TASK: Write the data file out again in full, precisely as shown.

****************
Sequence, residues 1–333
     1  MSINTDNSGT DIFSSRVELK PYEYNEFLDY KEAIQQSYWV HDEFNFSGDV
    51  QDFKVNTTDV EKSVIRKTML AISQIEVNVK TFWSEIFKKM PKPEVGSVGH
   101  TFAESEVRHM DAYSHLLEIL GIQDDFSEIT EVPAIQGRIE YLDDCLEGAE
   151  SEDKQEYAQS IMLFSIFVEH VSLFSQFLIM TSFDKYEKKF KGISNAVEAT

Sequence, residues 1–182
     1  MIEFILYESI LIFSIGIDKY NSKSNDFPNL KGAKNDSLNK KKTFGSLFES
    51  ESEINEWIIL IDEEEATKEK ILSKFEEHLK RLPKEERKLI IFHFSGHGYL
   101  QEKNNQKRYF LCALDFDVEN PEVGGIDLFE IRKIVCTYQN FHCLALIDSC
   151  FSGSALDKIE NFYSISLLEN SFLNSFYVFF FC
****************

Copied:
Sequence, residues 1–333
     1  MSINTDNSGT DIFSSRVELK PYEYNEFLDY KEAIQQSYWV HDEFNFSGDV
    51  QDFKVNTTDV EKSVIRKTML AISQIEVNVK TFWSEIFKKM PKPEVGSVGH
   101  TFAESEVRHM DAYSHLLEIL GIQDDFSEIT EVPAIQGRIE YLDDCLEGAE
   151  SEDKQEYAQS IMLFSIFVEH VSLFSQFLIM TSFDKYEKKF KGISNAVEAT

Sequence, residues 1–182
     1  MIEFILYESI LIFSIGIDKY NSKSNDFPNL KGAKNDSLNK KKTFGSLFES
    51  ESEINEWIIL IDEEEATKEK ILSKFEEHLK RLPKEERKLI IFHFSGHGYL
   101  QEKNNQKRYF LCALDFDVEN PEVGGIDLFE IRKIVCTYQN FHCLALIDSC
   151  FSGSALDKIE NFYSISLLEN SFLNSFYVFF FC